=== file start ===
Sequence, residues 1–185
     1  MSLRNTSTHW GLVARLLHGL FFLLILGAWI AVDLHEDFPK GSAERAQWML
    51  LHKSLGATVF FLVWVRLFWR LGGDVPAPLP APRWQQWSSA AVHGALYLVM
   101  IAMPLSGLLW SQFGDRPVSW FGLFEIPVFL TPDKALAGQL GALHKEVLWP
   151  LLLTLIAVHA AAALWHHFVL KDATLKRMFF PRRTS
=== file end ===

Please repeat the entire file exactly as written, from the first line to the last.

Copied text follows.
Sequence, residues 1–185
     1  MSLRNTSTHW GLVARLLHGL FFLLILGAWI AVDLHEDFPK GSAERAQWML
    51  LHKSLGATVF FLVWVRLFWR LGGDVPAPLP APRWQQWSSA AVHGALYLVM
   101  IAMPLSGLLW SQFGDRPVSW FGLFEIPVFL TPDKALAGQL GALHKEVLWP
   151  LLLTLIAVHA AAALWHHFVL KDATLKRMFF PRRTS